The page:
We start from the basic formula from the theory of radiative transfer, namely the formal solution of the radiative transfer equation,

(1)

We can derive the formal solution of the equation as

(2)

If we now consider a CONSTANT SOURCE FUNCTION , then Eq.(2) gives the solution

(3)

Here we use Kirchhoff’s Law in thermal radiation for further discussions, regarding the dust as a blackbody. So we can rewrite the Eq.(3) as

(4)

and is the Planck Function. Because we do not consider the emission behind the medium which is not from the dust, we simply let . Finally we can reform the formula as below,

(5)

Then we can define the opacity

(6)

(7)

In Rayleigh-Jeans Regime, , so

(8)

In practically observational view, the relation between monochromatic specific intensity and a Plank Function at is defined using emissivity or , namely . In the same way, we consider the Rayleigh-Jeans Regime, the opacity will be . Then we often use an exponential function to fit the data as

(9)

And , is the frequency where . is the so-called emissivity index, which is about 1.5~2, see L. Dunne et al., 2001 (1). For big dust grains, it tends to be 2 while for smaller ones, the value becomes lower.

If we assume is a constant along the path, then we can reform Eq.(8) as

(10)

where is the total volume of the cloud, is the total dust mass, is the total number of dust grains, and is the cross section of one dust grain.

Because , , and so

(11)

(12)

When the redshift is non-negligible, we need to use luminosity distance to replace the distance used above. Thus the flux and luminosity should be corrected (called K-correction). Because the energy of the source is constant. So we use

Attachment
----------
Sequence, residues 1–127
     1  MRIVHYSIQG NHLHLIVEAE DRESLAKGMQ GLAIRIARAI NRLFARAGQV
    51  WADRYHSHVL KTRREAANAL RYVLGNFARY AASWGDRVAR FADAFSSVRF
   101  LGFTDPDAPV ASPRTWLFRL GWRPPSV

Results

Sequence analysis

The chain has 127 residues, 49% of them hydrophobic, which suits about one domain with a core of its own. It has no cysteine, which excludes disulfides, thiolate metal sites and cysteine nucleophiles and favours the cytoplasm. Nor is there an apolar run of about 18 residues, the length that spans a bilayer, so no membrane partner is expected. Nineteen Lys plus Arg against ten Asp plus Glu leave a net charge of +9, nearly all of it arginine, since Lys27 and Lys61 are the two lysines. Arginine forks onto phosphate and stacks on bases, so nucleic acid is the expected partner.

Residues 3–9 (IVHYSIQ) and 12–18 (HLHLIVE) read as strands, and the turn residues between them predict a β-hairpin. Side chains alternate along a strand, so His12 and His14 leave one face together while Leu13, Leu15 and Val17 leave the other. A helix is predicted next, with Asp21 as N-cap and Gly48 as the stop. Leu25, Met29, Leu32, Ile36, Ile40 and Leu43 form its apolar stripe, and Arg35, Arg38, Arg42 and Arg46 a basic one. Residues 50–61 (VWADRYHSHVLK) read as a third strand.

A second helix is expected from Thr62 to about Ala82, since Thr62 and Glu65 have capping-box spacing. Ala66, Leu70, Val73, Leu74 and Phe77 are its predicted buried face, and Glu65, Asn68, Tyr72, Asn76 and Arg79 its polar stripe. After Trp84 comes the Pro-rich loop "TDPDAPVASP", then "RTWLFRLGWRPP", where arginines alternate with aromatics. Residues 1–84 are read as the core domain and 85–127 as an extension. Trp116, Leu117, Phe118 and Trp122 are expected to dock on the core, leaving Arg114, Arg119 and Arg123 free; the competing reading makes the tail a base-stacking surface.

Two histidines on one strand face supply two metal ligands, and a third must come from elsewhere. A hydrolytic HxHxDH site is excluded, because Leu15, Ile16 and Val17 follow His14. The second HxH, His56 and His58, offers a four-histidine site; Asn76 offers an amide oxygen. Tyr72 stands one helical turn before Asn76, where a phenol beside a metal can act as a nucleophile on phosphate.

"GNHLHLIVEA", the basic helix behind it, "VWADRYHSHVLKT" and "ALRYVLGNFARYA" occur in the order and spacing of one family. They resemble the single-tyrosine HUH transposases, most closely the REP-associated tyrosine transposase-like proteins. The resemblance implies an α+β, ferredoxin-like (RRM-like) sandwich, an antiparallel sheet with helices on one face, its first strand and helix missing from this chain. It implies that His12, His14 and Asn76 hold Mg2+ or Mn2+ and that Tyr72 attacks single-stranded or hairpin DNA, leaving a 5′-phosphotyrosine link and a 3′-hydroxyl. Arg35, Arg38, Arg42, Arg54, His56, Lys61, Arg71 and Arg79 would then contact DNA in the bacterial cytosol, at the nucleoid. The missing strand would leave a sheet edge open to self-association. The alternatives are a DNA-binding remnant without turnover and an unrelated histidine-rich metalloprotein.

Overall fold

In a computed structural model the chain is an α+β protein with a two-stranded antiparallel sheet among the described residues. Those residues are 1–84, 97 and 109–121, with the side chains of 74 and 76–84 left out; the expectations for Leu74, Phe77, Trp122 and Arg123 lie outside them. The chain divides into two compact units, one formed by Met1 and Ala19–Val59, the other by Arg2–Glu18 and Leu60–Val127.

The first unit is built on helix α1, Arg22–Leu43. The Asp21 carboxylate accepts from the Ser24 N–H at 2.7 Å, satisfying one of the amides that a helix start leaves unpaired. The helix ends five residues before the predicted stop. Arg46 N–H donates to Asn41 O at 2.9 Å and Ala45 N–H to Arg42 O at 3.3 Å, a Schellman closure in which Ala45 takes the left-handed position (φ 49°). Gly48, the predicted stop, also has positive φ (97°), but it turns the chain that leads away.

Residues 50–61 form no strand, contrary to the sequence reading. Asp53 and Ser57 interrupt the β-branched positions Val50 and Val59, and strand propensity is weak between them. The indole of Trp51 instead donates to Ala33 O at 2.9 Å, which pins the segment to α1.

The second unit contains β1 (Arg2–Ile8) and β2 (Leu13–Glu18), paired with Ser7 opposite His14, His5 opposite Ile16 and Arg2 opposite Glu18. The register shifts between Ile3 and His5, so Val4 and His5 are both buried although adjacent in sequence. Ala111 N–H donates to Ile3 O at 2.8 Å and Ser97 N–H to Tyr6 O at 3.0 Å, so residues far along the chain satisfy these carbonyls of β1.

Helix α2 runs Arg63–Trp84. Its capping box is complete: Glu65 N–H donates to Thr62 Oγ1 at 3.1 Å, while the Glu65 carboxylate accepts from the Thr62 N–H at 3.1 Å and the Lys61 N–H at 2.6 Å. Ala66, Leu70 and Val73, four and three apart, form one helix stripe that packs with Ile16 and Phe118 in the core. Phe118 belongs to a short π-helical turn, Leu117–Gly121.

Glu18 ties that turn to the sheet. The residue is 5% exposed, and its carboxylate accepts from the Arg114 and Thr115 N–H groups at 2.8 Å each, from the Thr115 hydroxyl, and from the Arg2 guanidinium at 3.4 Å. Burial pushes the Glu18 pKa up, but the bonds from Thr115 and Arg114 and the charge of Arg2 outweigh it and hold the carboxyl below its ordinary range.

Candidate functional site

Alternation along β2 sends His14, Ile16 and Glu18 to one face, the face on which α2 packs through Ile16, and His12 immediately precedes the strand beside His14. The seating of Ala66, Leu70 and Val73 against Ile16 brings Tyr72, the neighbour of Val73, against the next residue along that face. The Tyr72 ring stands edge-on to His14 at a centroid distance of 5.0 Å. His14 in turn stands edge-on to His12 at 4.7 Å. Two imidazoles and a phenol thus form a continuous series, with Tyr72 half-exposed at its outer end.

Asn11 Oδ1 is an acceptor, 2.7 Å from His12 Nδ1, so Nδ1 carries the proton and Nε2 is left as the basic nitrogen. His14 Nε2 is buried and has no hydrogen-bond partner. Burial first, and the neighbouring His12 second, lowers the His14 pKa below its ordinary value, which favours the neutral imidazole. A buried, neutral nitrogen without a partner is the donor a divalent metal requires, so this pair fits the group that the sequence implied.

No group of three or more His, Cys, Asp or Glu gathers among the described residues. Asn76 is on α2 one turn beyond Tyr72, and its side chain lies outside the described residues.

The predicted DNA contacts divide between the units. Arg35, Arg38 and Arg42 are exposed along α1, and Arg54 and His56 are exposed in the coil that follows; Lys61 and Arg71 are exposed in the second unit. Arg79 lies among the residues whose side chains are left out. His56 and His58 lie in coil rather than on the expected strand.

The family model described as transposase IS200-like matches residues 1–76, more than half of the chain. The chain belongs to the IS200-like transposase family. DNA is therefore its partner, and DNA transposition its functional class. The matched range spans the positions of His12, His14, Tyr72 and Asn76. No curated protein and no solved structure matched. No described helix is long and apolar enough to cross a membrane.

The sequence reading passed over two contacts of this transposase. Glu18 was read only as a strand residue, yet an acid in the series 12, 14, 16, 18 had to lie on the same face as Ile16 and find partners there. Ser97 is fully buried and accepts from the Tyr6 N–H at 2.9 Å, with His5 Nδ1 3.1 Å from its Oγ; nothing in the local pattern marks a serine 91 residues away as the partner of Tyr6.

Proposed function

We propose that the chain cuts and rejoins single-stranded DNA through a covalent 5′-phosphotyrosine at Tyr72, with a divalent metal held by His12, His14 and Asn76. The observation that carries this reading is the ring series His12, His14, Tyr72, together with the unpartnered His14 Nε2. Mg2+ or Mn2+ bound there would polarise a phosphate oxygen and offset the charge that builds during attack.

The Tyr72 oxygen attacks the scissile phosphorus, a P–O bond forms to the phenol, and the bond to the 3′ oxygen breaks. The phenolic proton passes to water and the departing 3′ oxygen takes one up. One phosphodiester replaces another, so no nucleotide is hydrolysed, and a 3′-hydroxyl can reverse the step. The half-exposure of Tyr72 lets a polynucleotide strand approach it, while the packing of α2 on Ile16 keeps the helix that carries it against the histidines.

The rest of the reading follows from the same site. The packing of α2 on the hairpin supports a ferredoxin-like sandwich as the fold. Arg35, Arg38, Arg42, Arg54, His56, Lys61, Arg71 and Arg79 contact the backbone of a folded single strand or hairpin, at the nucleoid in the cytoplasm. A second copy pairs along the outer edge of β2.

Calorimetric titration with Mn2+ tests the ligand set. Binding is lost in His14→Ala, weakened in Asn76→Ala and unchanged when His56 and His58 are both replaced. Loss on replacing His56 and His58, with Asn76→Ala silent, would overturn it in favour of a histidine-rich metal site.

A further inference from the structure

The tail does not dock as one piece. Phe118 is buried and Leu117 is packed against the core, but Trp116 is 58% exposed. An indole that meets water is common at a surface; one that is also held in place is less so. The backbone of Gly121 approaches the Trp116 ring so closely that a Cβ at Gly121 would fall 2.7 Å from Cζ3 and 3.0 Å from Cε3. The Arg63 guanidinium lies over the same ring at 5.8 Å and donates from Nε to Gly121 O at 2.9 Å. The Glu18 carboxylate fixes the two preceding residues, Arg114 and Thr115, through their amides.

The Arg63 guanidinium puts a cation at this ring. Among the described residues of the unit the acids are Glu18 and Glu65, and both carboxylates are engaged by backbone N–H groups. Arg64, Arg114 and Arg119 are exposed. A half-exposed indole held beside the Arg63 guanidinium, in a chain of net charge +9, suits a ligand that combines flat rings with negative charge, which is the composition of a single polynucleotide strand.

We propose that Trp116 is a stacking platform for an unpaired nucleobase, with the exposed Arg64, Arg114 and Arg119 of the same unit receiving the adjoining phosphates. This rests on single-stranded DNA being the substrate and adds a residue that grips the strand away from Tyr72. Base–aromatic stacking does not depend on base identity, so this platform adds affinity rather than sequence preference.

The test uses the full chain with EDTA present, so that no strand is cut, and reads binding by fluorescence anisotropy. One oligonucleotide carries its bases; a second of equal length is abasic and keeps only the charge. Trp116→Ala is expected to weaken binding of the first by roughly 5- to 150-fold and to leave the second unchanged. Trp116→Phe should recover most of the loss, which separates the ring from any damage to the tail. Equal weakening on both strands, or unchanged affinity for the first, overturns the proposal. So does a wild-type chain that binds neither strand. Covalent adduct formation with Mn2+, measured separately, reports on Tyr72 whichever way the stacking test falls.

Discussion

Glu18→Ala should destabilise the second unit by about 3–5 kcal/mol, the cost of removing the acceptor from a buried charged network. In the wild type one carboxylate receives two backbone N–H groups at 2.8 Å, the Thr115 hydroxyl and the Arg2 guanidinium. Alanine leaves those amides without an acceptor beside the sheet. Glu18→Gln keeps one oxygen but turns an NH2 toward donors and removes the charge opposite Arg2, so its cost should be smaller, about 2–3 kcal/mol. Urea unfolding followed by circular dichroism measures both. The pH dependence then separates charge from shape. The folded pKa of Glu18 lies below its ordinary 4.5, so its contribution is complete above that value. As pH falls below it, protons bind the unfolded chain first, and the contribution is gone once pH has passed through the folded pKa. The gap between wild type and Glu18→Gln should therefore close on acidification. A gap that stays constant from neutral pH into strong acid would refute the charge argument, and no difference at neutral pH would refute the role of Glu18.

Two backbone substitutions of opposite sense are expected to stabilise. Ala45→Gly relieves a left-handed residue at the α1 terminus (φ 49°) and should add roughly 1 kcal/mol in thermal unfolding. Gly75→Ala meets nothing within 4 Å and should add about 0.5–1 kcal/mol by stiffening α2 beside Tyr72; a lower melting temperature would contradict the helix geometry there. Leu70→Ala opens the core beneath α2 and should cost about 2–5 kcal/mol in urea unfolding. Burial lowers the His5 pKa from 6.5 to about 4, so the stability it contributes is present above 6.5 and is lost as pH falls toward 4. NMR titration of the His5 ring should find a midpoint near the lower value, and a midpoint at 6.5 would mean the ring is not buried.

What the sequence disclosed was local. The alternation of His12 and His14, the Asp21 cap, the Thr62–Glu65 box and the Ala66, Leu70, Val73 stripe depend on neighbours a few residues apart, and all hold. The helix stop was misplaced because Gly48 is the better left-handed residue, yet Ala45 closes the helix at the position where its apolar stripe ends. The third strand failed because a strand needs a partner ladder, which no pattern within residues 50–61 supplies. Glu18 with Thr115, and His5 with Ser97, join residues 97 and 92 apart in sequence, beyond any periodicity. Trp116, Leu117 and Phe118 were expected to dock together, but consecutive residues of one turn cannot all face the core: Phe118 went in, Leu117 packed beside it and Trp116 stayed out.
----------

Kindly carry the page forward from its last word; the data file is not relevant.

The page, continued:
(13)

(14)

to correct the formula above, where * e* stands for the rest frame quantity and

*stands for the observed quantity. Then we reform the formula Eq. (11) and Eq. (12) as below,*

**o**(15)

The left one above is the formula (1) in Beelen et al., 2006 (3). IF we want to get the far-infrared (FIR hereafter) luminosity, we should simply integrate over the FIR (cover the whole dust continuum) as,

(16)

Then, we can define , and then

(17)

This equation (actually this equation **contains the K-correction** as the is defined in the way above) is the Eq. (2) in Andrew B. Blain et al., 2002 (2).

Additionally, we can use Eq. (9) to reform the monochromatic flux:

(18)

We can also derive the relation between opacity and mass-absorption coefficient, which in fact can be rewritten from Eq.(8) as: , as below

(19)

This Eq.(19) is often used in observation. Using Eq.(11) we can express dust mass with the quantities above as

(20)

This formula is often used to calculate the dust mass from FIR/submm radiation.

**References**

[1] L. Dunne and S. Eales, 2001, MNRAS, 327, 697,

[2] Blain, A. W., Smail, I., Ivison, R. J., Kneib, J.P., Frayer, D. T. 2002, Phys. Rep., 369, 111.

[3] Beelen, A., Cox, P., Benford, D. J., et al. 2006, ApJ, 642, 694.

(这里有一些理论公式推导：http://eagle.lamost.org/?p=37798 ，比此文更加详细，可以参看)

前一阵被X.L. Fan师兄问到关于尘埃能谱 (Dust SED) 做图的问题。然后仔细检查了一遍自己本科论文时候编写的数据，发现有错误，于是花了些时间重新编写了一下。虽然拟合尘埃在亚毫米波段的灰体谱是一件很简单的事情，但在我看来，其中涉及到的单位的问题比较典型。我们平常在做SED的时候，常常会搞混 Flux Density，Intensity，Flux 等概念，他们的单位等等。并且平常老师在课程中讲到各种SED的时候，也没有仔细的讲讲观测中这些东西要注意的地方。这点比较遗憾。

我把程序贴出来跟大家共享一下(点击下载压缩包)。如果你也是在做冷尘埃灰体谱(following the gray-body function or the modified Planck distribution function)辐射的，可以试试这个程序。程序是用 Matlab 写的，一共包含一个主程序 dustsed.m 和两个调用的函数: errorbare.m 和 fitblackbody.m, 其中 errorbare 是由Gerry提供的 ( 详见：Gerry-云居 )。拟合的公式是：

(1)

下面测试一下，输入的波长单位是 micron，我取了60, 100, 122, 158, 170, 450, 850 micron 这几个波段的数据，其流量按照Jy的单位分别是65.52, 114.74, 92.0, 91.5, 75.60, 8.832, 1.393 Jy，然后输入测量的误差，调用函数。拟合出单一成份模型中的谱指数、和温度T以及（实际上，我在拟合的过程中用的这个参量包含了尘埃的投影面积和距离的信息，但是把含有β的那个因子独立出去了，单独作为一个参量拟合，所以程序里面的 emissivity 不是严格的）。图如下:

给出的结果是，=1.160865 ，给出的相对误差为0.208285。可以看出，这个Beta明显偏小了。所以应该尝试用更多的温度来拟合，如果用两个温度成份拟合的话会得到更好的结果， ， 相对误差为0.205005，这里基于 Dunne L. et al., 2001 MNRAS 的工作，取 =2(有点跑题了……)。

目前 Matlab程序里面拟合使用的函数是 fminsearch ，因为 很小的缘故，必须用相对误差才能有效的找到比较好的拟合参数（通常在1E-10以下）。下一步要尝试其他的拟合办法，然后在程序中加入 Chi-square 检验的部分。